If Trump can’t arrange his own meeting with the Congressional Black Caucus, how does he unite the country?

The following article by Terence Samuel was posted on the Washington Post website February 16, 2017:

President’s Trump news conference on Thursday turned quickly into a fireworks display of rants and recriminations as the new chief executive blasted away at the media, belittled his detractors and discounted the obvious chaos that has enveloped his White House.

“I don’t think there’s ever been a president elected who in this short period of time has done what we’ve done,” Trump declared at the outset, ignoring all the controversy that has consumed his first weeks in office.

He took a lot of questions, and many of his answers carried a kind of detached-from-the-common-reality quality to them. But one of the most surreal moments came late in the news conference, when Trump called on April Ryan, the Washington bureau chief for American Urban Radio Networks.

Ryan queried the president on his agenda for inner cities and asked if he had any plans to include the Congressional Black Caucus in advancing that agenda. Trump had a question of his own: “Do you want to set up the meeting?”

Ryan seemed stunned: “No — no — no,” she said. The president pressed her more: “Are they friends of yours?”

She begged off: “I’m just a reporter.”

.@AprilDRyan asked Trump if he’ll meet with the Congressional Black Caucus.

He responded: “Are they friends of yours?”

After the questions about Russia, the legal status of his immigrant travel ban and the disarray in the White House, one huge question Trump has faced is whether he can bring some of the 54 percent of people who did not vote for him into his camp so he can govern more effectively. For Trump, black voters would be among the least persuadable of that group, but Ryan’s question was about the level of that outreach.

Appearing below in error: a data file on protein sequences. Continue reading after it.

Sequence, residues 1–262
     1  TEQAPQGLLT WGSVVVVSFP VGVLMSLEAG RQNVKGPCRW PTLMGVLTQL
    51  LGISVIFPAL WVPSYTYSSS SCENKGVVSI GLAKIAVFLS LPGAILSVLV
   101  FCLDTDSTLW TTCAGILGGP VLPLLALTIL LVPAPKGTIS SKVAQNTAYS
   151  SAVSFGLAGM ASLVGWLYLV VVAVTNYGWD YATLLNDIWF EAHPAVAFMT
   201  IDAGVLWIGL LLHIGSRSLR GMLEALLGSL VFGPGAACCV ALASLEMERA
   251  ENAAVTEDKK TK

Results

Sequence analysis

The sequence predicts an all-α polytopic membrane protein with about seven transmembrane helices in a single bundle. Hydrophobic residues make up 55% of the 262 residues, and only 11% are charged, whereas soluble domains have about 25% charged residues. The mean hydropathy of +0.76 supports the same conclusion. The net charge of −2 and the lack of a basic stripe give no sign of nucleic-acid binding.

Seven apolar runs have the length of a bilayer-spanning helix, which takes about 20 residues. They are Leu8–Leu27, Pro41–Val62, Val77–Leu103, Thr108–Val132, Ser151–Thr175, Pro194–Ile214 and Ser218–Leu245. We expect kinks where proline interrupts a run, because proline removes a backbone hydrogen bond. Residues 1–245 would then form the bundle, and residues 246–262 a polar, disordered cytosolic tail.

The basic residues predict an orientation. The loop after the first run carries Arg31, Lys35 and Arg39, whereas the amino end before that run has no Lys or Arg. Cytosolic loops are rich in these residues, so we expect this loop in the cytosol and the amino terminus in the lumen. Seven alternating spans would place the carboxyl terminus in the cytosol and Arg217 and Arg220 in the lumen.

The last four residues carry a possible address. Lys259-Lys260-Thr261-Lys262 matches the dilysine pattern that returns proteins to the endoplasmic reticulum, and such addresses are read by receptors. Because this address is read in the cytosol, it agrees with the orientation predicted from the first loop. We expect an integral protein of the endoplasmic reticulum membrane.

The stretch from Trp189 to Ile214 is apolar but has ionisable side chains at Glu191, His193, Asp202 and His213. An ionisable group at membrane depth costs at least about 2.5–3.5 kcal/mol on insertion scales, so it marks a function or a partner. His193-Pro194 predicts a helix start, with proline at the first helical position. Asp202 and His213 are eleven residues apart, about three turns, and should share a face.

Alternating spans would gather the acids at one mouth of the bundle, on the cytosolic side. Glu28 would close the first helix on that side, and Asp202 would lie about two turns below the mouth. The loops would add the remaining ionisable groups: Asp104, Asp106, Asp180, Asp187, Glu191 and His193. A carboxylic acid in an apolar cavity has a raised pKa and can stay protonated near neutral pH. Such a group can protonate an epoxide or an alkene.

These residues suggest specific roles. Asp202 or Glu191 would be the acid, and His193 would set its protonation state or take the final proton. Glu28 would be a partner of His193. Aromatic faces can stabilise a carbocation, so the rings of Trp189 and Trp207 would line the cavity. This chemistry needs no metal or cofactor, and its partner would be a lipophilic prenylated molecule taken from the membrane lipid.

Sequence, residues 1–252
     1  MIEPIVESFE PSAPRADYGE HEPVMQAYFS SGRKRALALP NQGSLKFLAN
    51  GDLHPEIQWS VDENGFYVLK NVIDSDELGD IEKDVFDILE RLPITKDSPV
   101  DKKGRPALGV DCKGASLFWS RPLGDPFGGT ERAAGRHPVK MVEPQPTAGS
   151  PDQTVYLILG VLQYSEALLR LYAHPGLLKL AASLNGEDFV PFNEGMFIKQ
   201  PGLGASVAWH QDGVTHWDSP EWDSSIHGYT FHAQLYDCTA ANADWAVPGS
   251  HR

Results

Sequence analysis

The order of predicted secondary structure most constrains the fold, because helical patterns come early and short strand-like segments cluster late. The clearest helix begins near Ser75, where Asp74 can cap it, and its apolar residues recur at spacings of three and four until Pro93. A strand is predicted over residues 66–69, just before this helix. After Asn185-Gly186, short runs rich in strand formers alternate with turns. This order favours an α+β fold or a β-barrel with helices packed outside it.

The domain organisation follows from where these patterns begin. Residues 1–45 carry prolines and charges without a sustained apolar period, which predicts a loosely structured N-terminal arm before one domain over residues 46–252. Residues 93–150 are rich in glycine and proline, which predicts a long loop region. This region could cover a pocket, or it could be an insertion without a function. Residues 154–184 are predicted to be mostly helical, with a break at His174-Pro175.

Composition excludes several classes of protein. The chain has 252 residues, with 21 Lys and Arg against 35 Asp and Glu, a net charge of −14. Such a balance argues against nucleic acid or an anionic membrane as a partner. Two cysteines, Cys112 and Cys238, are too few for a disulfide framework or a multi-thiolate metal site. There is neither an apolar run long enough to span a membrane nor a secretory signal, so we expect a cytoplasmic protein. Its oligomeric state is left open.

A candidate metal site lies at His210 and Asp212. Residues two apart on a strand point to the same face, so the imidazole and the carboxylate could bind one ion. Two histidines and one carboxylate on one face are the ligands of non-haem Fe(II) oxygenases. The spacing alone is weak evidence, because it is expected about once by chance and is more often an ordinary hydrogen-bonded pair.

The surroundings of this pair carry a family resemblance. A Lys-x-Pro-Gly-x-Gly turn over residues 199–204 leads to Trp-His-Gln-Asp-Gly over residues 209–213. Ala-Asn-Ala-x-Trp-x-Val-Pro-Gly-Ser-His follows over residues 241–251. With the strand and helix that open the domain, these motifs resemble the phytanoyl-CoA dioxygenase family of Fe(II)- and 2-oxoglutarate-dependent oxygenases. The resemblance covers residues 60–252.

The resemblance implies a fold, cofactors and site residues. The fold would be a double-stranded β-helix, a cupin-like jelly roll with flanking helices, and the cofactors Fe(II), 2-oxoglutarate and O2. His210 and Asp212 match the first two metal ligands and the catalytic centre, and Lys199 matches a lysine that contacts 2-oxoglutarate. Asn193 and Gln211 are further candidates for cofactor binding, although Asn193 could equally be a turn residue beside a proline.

The odd answer spoke to the president’s detachment on how he might bridge the divide that is now a signature of his early presidency. A Pew Research poll released Thursday showed Trump with a 56 percent disapproval rating, a record achievement compared with the past five presidents.

Trump went on to explain that Rep. Elijah E. Cummings (D-Md.), a former chair of the CBC, has refused to meet with him, and suggested that Cummings had canceled the meeting at the suggestion of Senate Minority Leader Charles E. Schumer (D-N.Y.) “He probably was told by Schumer or somebody like that, some other lightweight … don’t meet with Trump. It’s bad politics,” The president said.

Cummings seemed stunned by the turn of events: “I have no idea why President Trump would make up a story about me like he did today,” he said in a statement. “Of course, Senator Schumer never told me to skip a meeting with the President.”

The president loves a fight and needs his enemies, which can make any kind of outreach to opponents more difficult. Sometimes even when he tries, the efforts go haywire. A Black History Month event at the White House recently might have ended up alienating more black Americans than it attracted, after the president’s remarks left the clear impression that he was not fully aware of the historical importance of legendary abolitionist Frederick Douglass. 

At his Thursday news conference, Trump once again trumpeted his performance among black voters last November: “As far as the inner cities, as you know, I was very strong on the inner cities during the campaign,” he said. “I think it’s probably what got me a much higher percentage of the African American vote than a lot of people thought I was going to get. We did, you know, much higher than people thought I was going to get.”

Given that he was polling near 1 percent with black voters, his eight percent in exit polls clearly outstripped expectations. But with the Pew Research poll finding his overall approval ratings at below 40 percent, last November might end up being cold comfort for Trump, who cares so much about his numbers.